The Humane Society of the United States
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Former Dogtopia CEO joins The Humane Society of the United States

The Humane Society of the United States has welcomed Amy Nichols as its new vice president of Companion Animals. Nichols is the founder and former CEO of Dogtopia, a dog daycare, boarding, spa and retail chain providing care to canines across the U.S. and Canada.

Nichols is no stranger to the non-profit world. In 2005, she founded K9 Support, a nonprofit organization dedicated to supporting working and service dogs. Under her leadership, K9 Support has sent more than 2 tons of care packages to service animals in Iraq, Afghanistan and Kuwait. Nichols is also a dedicated volunteer for animal rescue groups.

Her experience as a business leader and entrepreneur extends beyond working with animals. In 2015, she co-founded and was the CEO of bThere, where she developed a software platform for interactive 360-degree video. 

Nichols is excited to work with animals once again. “It is not often that you get the chance to pursue your passion,” she says. ”I am eager to take all that I learned growing a pet care company and a technology startup and apply it to animal welfare. From innovative new ways to support our shelter partners to influencing public policy and providing community outreach, I can't wait to get started.”

Michael Markarian, chief operating officer of The HSUS, says, “We are thrilled to have Amy Nichols join our team, with her business and leadership experience, and her dedication and passion for animal welfare. The HSUS is a leader in protecting pets, and we are excited to have an even bigger impact.”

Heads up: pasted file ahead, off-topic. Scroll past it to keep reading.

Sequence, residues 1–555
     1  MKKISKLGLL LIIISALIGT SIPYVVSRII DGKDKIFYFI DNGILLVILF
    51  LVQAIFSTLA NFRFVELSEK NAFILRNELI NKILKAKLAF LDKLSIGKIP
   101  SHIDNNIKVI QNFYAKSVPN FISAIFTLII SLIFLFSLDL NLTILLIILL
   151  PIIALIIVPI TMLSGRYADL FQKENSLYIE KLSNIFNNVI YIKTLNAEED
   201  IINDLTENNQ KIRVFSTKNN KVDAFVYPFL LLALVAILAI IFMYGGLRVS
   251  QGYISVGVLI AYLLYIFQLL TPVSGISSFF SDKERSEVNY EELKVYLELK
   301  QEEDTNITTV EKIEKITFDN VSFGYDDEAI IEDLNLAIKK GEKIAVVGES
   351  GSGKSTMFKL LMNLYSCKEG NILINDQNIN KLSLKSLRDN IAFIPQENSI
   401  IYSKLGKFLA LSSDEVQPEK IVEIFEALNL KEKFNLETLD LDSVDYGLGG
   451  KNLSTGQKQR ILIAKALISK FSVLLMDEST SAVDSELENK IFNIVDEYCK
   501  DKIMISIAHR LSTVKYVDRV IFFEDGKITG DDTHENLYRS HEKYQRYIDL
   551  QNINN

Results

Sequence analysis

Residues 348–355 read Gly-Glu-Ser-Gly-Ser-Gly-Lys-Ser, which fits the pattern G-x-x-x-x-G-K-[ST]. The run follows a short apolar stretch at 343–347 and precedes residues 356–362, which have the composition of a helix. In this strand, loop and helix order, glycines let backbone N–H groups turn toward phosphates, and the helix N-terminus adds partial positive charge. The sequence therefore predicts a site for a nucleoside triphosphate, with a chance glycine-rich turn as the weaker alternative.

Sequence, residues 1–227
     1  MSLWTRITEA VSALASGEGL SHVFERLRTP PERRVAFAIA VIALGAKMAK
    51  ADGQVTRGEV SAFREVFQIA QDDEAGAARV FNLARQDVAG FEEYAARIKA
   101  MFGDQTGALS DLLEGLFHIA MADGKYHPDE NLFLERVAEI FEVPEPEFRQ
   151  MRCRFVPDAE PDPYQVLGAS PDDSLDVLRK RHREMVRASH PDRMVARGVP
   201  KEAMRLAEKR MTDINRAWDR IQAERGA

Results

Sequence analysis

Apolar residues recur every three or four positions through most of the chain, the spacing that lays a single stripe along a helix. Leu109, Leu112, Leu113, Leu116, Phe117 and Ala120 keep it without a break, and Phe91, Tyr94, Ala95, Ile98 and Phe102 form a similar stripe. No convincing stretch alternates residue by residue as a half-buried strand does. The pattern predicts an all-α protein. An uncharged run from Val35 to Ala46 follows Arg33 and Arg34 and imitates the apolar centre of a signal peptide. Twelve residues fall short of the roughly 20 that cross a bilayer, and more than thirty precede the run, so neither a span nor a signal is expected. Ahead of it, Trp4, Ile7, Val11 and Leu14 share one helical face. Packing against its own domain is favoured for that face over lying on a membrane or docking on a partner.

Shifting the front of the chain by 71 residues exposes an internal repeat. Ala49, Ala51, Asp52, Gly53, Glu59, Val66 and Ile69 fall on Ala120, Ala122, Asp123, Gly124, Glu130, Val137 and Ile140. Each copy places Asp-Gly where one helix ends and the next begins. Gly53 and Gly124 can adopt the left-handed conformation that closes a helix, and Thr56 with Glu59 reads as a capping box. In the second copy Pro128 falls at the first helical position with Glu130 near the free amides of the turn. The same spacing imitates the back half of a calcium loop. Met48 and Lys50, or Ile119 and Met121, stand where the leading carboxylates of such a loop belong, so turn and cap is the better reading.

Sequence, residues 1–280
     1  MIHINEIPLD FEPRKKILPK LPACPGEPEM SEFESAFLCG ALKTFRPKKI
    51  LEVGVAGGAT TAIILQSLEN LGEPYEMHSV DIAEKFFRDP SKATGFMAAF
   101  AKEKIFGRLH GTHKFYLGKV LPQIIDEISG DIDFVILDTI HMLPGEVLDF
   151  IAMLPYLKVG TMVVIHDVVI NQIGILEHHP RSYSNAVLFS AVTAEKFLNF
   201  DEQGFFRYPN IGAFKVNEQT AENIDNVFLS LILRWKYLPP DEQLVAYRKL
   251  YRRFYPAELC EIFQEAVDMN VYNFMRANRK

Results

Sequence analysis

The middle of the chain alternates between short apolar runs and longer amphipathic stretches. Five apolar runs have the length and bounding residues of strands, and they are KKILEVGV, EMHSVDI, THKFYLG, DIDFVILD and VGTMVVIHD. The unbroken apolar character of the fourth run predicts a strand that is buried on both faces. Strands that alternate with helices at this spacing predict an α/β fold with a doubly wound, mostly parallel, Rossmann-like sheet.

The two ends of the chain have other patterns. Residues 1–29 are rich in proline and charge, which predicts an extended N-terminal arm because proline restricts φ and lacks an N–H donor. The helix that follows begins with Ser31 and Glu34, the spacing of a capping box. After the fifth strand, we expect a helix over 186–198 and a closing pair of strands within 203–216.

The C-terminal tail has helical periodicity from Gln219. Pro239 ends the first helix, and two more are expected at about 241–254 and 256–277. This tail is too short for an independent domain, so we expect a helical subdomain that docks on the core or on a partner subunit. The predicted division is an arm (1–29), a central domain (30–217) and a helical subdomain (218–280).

The HSUS and its affiliates work to protect companion animals through various programs and resources:

  • Animal Care Expo, which is the premier training conference and trade show for animal shelter and care professionals.
  • Animal Sheltering Magazine and AnimalSheltering.org, which provide resources and education for animal shelters and rescue groups.
  • The Pets for Life program, which extends free animal care resources and services to people and pets in under-served communities. The model incorporates door-to-door outreach, builds a consistent community presence and uses an extensive follow-up process. Pets for Life collects comprehensive data showing the effectiveness of their work, which can be found here: animalsheltering.org/pfldata.
  • The Keeping Pets in Homes program, which aims to reduce the number of dogs and cats who are surrendered due to solvable behavior issues or lack of housing. It provides tools to help renters keep their pets, to keep more cats in homes and to make pet care, behavior and wellness resources more accessible. “Adopters Welcome” is an initiative aimed at removing unnecessary barriers in the adoption process.
  • The Shelter Pet Project, a joint campaign between The HSUS, Maddie’s Fund and the Ad Council, which helps make shelters and rescues the first place potential pet owners turn to when looking for a new companion animal. Since the campaign’s inception in 2009, it has received more than $330 million dollars in donated media nationwide.
  • Adopters Welcome, which is an initiative aimed at removing unnecessary barriers in the adoption process.
  • In addition to those programs, The HSUS runs a campaign to combat abuses at puppy mills, works with law enforcement to stop animal fighting, protects pets during natural disasters and works to strengthen laws against animal cruelty. Together with its international affiliate, Humane Society International, The HSUS is fighting the global dog meat trade and implementing street dog welfare programs around the world.

Media contact: Anna West, awest@humanesociety.org

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